Questions From The Readers: Hunting The Rut

In this edition of questions from our readers we will focus on the fast approaching whitetail rut. The rut as we know is the time when bucks will be actively cruising for does during all parts of the day in hopes of passing on their genes. This is undoubtedly the best time for hunters to put a tag on an Iowa whitetail, however just because it’s the rut doesn’t mean hunting comes easy. Heck some of the most stressful times of the year are trying to figure out how to and when to hunt the rut, hopefully some of the questions other readers submitted will help you in your quest. Below are the most popular questions we received:

I am a weekend deer hunter who has 160 acres of private land to hunt. With the rigors of life I just can’t get away during the week to hunt. Should I be more aggressive during the rut when I do get out during the weekends?

The rut has four legitimate weekends this year; call it five if you believe the rut will carry over into the final weekend of November. Of those four to five weekends only two will be in the prime time when bucks are cruising for does. With limited time to hunt the best days of the year you will have to get more aggressive.

The best aggressive tactic I would use is to hunt your best stand/s as many times as you can. Now is the time to sit in those couple of stands you have been waiting for all year long. If you see a lot of movement from these stands continue to use them without worrying about over hunting them. Remember you have little time to waste so focus your efforts on where you are seeing deer. If you are worried about pressuring the deer too much don’t be. With a four to five day lay off in between your hunts deer won’t feel all that pressured.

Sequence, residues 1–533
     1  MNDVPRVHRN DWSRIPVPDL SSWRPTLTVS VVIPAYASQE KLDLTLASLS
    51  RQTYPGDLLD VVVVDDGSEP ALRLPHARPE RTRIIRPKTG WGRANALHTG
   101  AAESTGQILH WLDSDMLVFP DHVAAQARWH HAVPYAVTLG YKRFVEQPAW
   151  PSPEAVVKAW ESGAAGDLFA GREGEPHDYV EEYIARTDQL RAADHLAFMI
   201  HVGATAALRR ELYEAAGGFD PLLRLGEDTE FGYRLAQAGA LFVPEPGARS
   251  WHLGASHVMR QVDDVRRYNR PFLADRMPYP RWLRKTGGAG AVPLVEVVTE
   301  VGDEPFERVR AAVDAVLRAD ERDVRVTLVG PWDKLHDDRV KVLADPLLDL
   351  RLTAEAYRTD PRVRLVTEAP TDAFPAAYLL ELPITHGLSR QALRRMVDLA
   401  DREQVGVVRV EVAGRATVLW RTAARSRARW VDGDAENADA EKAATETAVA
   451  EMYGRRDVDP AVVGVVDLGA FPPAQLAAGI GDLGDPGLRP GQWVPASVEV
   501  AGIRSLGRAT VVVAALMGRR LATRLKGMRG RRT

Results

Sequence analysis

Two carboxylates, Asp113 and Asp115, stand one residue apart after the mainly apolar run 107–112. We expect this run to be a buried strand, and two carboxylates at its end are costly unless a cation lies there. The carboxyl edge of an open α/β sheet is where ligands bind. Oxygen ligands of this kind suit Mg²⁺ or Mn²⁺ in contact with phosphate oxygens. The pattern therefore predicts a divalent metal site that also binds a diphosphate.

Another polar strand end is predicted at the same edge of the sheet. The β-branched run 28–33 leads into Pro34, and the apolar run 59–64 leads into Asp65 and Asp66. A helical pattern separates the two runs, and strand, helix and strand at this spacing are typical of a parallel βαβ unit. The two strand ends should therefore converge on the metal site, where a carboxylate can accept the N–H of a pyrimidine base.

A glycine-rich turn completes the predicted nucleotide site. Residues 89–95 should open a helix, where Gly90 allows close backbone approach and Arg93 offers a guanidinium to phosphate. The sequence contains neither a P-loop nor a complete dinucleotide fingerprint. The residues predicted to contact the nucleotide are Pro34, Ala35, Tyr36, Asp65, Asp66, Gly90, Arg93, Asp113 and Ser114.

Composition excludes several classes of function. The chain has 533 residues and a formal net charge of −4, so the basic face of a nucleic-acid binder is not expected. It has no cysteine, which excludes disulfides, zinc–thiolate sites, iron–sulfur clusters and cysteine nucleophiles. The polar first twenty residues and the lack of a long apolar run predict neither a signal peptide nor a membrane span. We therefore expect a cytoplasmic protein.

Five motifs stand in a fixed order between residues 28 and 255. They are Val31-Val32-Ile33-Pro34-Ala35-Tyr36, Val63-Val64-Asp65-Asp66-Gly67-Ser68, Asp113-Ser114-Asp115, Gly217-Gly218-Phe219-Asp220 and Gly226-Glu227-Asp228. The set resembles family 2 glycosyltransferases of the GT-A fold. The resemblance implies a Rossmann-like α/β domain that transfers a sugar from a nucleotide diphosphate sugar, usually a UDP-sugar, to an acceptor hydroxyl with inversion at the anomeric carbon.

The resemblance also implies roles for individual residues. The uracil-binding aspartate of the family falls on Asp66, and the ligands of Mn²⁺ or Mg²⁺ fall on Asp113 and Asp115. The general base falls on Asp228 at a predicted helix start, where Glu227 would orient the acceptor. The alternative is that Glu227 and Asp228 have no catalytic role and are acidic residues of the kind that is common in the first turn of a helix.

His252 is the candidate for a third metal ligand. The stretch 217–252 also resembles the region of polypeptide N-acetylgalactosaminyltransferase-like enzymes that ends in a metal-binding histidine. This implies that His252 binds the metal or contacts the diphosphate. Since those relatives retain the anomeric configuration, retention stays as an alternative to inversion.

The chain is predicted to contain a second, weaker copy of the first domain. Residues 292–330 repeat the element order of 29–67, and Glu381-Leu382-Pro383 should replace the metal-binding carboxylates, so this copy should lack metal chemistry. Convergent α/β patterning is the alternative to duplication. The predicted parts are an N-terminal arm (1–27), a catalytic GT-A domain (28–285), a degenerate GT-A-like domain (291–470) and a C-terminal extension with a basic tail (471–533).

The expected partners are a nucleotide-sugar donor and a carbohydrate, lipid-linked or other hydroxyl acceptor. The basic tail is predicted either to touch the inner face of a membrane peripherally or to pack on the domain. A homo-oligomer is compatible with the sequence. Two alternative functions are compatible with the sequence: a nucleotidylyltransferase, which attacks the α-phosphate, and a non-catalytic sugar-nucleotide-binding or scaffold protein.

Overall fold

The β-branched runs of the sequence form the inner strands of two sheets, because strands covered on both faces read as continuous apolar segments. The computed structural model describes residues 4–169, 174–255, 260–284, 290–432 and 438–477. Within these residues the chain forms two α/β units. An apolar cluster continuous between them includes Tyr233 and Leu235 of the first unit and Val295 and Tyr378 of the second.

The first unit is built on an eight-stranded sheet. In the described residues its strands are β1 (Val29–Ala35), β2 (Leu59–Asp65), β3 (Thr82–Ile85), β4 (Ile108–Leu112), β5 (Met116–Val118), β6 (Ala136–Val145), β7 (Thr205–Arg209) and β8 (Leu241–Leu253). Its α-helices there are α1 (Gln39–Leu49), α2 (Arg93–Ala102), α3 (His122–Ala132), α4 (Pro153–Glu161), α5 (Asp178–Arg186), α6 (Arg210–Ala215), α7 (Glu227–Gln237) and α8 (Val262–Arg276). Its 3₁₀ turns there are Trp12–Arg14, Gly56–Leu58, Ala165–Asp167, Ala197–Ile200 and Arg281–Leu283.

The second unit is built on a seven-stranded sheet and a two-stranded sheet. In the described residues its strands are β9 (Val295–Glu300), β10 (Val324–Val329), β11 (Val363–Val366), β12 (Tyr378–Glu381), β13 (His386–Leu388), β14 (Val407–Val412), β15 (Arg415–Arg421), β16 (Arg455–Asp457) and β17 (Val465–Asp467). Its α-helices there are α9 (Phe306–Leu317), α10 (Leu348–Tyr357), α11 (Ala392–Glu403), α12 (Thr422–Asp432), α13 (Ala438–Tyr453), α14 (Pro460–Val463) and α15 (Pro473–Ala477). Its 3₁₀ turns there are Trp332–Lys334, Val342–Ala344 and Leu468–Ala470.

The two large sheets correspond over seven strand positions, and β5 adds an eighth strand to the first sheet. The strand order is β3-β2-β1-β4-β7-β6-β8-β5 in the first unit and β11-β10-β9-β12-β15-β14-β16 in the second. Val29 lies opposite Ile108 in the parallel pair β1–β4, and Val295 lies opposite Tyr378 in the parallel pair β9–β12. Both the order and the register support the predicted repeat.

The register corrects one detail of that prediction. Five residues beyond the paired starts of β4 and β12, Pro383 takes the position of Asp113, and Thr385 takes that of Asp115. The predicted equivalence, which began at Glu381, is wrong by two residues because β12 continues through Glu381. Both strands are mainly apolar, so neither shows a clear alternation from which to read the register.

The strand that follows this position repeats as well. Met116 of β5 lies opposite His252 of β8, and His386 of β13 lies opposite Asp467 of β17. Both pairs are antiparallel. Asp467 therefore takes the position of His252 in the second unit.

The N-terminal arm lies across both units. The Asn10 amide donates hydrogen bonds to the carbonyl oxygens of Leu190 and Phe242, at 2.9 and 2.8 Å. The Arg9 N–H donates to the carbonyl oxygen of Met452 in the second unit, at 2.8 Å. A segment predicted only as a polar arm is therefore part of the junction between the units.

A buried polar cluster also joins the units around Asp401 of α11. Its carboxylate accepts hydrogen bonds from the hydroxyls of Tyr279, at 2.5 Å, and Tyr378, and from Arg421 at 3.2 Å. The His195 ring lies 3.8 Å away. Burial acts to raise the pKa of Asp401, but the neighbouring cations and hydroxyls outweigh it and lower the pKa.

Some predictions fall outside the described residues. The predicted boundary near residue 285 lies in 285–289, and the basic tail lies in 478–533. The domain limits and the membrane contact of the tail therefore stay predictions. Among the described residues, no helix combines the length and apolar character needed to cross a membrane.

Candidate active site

Another tactic you could use is hunting really close to doe bedding areas during the rut. I wouldn’t hunt directly on top of them but closer than normal. With little time to hunt the rut you have got to play every card you can.

Is it wise to hang an impromptu stand during the rut where I am seeing a lot of bucks cruising?

Absolutely! I am a firm believer in hanging a stand on a moments notice and hunting it that very same day or a day or two later. If you see a spot where bucks are cruising regularly and don’t already have a stand there I say go ahead and put a stand there. During the rut, bucks can and mostly likely will cruise during all parts of the day so you might get caught in the act, but I wouldn’t let that deter you from switching stand spots especially if there are a lot of bucks traveling the area you have found.

Normally I will hunt an existing stand in the vicinity I want to hang the new stand during the morning. I will either haul in a new stand with me that morning or take down am existing stand and move it. Once the activity around me dies down I will get down and hang the new stand. Then depending on the day and activity I have seen in the area I will decide to hunt that stand immediately, come back that afternoon, or wait until the following morning.

Does hot weather put a halt to the rut?

No hot weather doesn’t put a halt to breeding activities. It may slow down a buck’s movement during the day, and most likely promote more nighttime, early morning, and late evening hour movement. So when the mercury is rising high on the thermometer buck movement will most likely be less visible, however the rut is still going on but just not during the heat of the day like it would be during cooler temps.